The yoga industry continues to boom, not only as more people discover the benefits of yoga, but also as more new teachers continue to get certified and spread the magic.
Overall, this is a fantastic development, but it does present some challenges for the yoga professional. Namely, how do you reach students and support yourself when so many other teachers are trying to do the exact same thing?
Yoga teachers need to have a clear idea of who they are, what they are passionate about, and what kind of yoga teacher they want to be before they launch into any kind of intense marketing or business planning.
I have witnessed yoga teachers invest time and resources into marketing especially, with limited or no success, and I have come to believe that lack of success is often due to the fact that they did not have a clear understanding of their own identity as a teacher.
In getting to know the “teacher-self,” it’s important to ask yourself: what am I most interested in teaching?
Yoga is a vast body of knowledge and includes a huge variety of subjects. Most contemporary yoga teachers are generally educated in asana, pranayama, and meditation, and some in more esoteric practices and philosophies as well.
“Generalist” teachers often play a much different, but equally important role in the yoga community. These are often the teachers who are leading voices in their communities and in the yoga industry, shaping the conversation and acting as magnets for new yoga students because of their ability to speak to many people’s interests.
As a generalist teacher with a broader offering, you may experience these positives:
- Working with many types of people from all walks of life
- Studios are always looking for teachers who can teach across a broad range of subjects
- The yoga industry has historically trended towards more generalist classes, although niche markets are definitely growing.
Some challenges you may encounter might be:
- Being lost among a sea of similar yoga teachers
- More intense competition for jobs at yoga studios and centers
- Many people view “generally” view yoga as asana, and you may get pigeon-holed into teaching primarily asana classes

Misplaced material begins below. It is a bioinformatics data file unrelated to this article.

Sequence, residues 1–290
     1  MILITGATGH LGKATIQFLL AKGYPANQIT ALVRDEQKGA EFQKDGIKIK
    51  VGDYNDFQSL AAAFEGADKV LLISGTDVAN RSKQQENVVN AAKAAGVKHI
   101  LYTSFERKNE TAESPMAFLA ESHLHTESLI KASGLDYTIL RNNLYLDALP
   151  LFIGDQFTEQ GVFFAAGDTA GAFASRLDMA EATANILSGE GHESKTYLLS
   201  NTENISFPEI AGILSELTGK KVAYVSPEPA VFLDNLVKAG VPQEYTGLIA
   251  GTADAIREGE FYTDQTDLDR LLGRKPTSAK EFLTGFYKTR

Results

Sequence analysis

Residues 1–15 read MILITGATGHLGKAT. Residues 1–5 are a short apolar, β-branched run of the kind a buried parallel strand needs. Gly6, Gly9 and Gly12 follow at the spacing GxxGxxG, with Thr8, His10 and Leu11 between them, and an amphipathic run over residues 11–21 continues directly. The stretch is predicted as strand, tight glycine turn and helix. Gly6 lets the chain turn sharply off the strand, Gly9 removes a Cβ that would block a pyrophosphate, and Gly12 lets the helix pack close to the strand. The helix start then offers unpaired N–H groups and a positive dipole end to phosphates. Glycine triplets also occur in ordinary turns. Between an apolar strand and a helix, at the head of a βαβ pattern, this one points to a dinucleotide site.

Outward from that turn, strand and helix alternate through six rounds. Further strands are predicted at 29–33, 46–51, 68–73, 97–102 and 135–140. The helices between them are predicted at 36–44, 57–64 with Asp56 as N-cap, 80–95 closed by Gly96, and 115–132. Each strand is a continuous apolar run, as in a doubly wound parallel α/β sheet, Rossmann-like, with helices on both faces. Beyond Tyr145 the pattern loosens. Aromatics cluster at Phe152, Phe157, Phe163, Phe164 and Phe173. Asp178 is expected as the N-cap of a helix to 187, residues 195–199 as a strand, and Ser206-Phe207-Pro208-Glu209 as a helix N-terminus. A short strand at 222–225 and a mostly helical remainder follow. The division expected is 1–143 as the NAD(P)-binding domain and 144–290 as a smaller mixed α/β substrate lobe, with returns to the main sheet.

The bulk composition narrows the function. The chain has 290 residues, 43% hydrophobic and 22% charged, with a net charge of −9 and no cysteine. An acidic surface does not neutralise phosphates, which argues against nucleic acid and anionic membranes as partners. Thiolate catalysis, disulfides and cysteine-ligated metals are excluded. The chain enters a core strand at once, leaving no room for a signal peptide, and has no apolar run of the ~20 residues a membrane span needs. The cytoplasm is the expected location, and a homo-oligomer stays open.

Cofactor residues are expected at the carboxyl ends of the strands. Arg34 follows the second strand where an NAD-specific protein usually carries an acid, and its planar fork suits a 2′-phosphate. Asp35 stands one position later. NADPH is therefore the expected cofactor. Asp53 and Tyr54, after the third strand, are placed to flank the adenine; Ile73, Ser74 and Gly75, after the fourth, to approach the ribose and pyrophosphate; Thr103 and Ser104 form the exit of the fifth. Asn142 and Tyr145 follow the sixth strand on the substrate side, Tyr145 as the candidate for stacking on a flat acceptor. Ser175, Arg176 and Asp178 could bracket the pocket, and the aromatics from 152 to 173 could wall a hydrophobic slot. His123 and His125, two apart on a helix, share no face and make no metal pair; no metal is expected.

However, we can also apply our knowledge of yoga in a way that speaks to niche populations such as yoga for pregnant mothers, geriatric populations, and veterans, as well as therapeutic yoga, restorative yoga, and so much more.
Furthermore, as all-levels classes become more popular, populations who cannot participate in those classes or require particular teachings are looking for safe spaces to practice yoga.
As a specialist teacher, you may find some of these positives:
- Student loyalty tends to be higher in niche populations who are practicing for a specific reason
- You can establish yourself as an expert and give your teaching credibility
- Create marketing campaigns for your specific demographic that stand out amidst the sea of yoga promotions
- Focus your educational costs towards your chosen subject
- Studios will often look to you to lead series and workshops for your specific offerings
- You can become a teacher’s teacher! Diversify your income by offering trainings to new or general yoga teachers who want to augment their skills
However, there are some challenges that come with specializing:
- Teaching only to your chosen demographic can limit your potential student reach
- You may have to work harder to educate potential students about the benefits of your particular yoga offering
- Your specialty may be time dependent and students may “graduate” from your class (think pre-natal yoga)
So ask yourself, armed with this information, what kind of teacher do I want to be? Do you love teaching chair yoga for seniors? Is it your dharma to teach packed group classes a yummy, sweaty vinyasa with a bit of pranayama and meditation?
Reflect on your yoga practice and the classes that you teach. Journal, meditate, and think about the particularities of yoga that get you fired up. Do you just live for philosophy? Is yoga therapy your passion? Through self-inquiry (svadhyaya), you can begin map out your relationship with the many topics of yoga and begin to create a clearer picture of who you are as a teacher.
You may find, as many of us teachers have, that you may have a bit of a generalist and a specialist in you, and that’s okay too.
About the Author: Joey Gottlieb rolled out a yoga mat for the first time depressed and nursing a blown hamstring and an inflamed shoulder, and after eight weeks of consistent practice under the eye of some wonderful teachers, he found himself with a peaceful mind, a fully cooperating hamstring, and able to reach above his head.
Since those first weeks of practice, Joey has made an extensive study of yoga as a transformational, guiding practice. He has studied most intensively in the Tantric traditions of yoga, developing a style of therapeutically-minded vinyasa yoga emphasizing personal empowerment and light-heartedness. As the son of two diplomats, he draws on a diverse array of cultural experiences to link his yoga practice to the world at large. He writes for the 90 Monkeys blog and continues to assist his teacher and mentor, Amy Ippoliti, in her public workshops and teacher trainings.